Useful Items From The Art of War

Recently, I finished reading The Art of War, the famous work of Chinese general Sun Tzu. Although the goal of Sun Tzu’s writings is to educate the generals of his state of Wu in the art of defeating large armies of people, potentially with deadly force — something not too similar to baseball, given the non-contact nature of the sport — some of Sun Tzu’s thoughts on the competitive and strategic aspects of war actually apply quite well to this fine sport. Here are a few selected items which people in various positions in baseball could find useful.

For the manager assessing his team:

He first of all considers the power of his army in the bulk; afterwards he takes individual talent into account, and uses each men according to his capabilities. He does not demand perfection from the untalented.

It is key both for managers to understand the strength of their teams relative to the league as well as the bits and pieces individual players bring to the table. This passage seems particularly applicable to platoons — the strong manager does not demand each hitter hits lefties and righties equally well, and instead uses two players to the best of their abilities when possible.

For those who overly trust their guts:

The general who loses a battle makes but few calculations beforehand. Thus do many calculations lead to victory, and few calculations to defeat: how much more no calculation at all!

Of course, Sun Tzu is not referring to literal calculations here, but the point still stands: those managers, general managers and even players who are unwilling to think critically about a situation are unlikely to come out of it on top. Whether that means studying new metrics or understanding proper bunt strategy or scouting a draft prospect, it is important to use calculation to gain the best possible position entering the situation.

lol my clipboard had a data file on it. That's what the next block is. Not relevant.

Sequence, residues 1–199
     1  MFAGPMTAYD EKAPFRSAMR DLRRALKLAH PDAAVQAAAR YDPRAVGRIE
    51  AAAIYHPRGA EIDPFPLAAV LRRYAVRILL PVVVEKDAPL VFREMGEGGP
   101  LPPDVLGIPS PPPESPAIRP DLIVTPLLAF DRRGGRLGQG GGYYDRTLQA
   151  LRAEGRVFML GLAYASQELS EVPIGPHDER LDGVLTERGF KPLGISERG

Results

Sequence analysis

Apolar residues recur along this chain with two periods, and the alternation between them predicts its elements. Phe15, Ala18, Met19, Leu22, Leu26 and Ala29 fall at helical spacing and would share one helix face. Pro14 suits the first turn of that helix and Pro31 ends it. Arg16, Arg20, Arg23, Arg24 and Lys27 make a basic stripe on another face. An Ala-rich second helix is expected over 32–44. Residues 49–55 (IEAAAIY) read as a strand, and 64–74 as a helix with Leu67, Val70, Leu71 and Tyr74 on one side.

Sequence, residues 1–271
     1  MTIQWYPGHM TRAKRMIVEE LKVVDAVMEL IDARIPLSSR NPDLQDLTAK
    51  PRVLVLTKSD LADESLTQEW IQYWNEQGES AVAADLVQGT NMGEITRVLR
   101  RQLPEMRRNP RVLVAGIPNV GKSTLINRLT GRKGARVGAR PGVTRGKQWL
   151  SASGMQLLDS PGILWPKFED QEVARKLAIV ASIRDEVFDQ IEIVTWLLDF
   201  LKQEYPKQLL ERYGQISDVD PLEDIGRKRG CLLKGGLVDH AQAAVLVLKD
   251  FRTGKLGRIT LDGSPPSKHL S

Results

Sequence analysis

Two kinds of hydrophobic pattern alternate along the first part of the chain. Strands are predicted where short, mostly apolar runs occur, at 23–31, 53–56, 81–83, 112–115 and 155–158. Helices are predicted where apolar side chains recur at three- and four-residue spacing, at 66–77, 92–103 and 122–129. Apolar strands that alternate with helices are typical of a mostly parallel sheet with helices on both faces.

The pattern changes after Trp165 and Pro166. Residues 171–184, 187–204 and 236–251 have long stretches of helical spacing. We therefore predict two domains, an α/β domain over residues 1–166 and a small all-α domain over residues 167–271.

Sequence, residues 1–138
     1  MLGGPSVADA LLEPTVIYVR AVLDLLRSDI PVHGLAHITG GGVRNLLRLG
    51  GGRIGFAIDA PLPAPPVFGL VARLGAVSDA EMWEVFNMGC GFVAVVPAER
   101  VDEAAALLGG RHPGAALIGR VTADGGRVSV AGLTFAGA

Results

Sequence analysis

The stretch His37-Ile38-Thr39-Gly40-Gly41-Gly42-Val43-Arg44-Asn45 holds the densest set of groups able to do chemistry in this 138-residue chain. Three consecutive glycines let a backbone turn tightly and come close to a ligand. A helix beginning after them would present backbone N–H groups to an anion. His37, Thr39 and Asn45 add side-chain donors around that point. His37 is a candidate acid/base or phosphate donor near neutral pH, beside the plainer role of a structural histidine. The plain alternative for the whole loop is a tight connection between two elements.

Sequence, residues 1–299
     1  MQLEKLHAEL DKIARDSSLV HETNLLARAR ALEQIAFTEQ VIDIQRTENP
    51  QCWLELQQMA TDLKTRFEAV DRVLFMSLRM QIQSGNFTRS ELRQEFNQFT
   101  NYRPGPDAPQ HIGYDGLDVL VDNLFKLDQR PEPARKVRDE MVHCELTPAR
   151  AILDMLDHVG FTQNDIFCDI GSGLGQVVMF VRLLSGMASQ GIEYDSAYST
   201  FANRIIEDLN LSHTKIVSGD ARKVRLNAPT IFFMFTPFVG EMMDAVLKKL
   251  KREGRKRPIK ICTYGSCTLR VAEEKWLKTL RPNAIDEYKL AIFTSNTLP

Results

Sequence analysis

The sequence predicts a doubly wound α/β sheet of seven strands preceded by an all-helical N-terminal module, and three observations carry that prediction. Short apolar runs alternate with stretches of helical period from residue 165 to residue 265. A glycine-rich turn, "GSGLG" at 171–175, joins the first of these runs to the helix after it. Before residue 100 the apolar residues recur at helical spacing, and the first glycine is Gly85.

For those fans who think they would be better than their team’s manager:

This one actually comes from one of the many notes in the Kindle version of the text in which the editor references other noted miltary men. In this case, the quote is from British Colonel George Francis Robert Henderson, who wrote a biography on General Stonewall Jackson among other military works.

The rules of strategy are few and simple. They may be learned in a week. They may be taught by familiar illustrations or a dozen diagrams. But such knowledge will no more teach a man to lead an army like Napoleon than a knowledge of grammar will teach him to write like Gibbon.

It is tempting to watch managers bumble their way through sacrifice bunts and pitching changes and assume we could do better, and I have little doubt that there a few cases in which fans do indeed have better basic tactical knowledge of the game, strictly in terms of win probabilities and the like, than some “baseball men” with their ingrained opinions. But that doesn’t mean this tactical knowledge would allow these fans to be better or even serviceable as actual managers — it takes much more than a knowledge of statistics to serve as a legitimate leader of men, even in such a trifle as a baseball season.

For those who clearly have never met a baseball player:

Prohibit the taking of omens, and do away with superstitious doubts. Then, until death itself comes, no calamity need be feared.

Yeah, good luck with that one.

Notes from the free Kindle version of The Art of War, available here.

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Sun Tzu had in mind Wade Boggs with that last one, then Wade Boggs rode on a horse around the stadium and received Sun Tzu’s respect.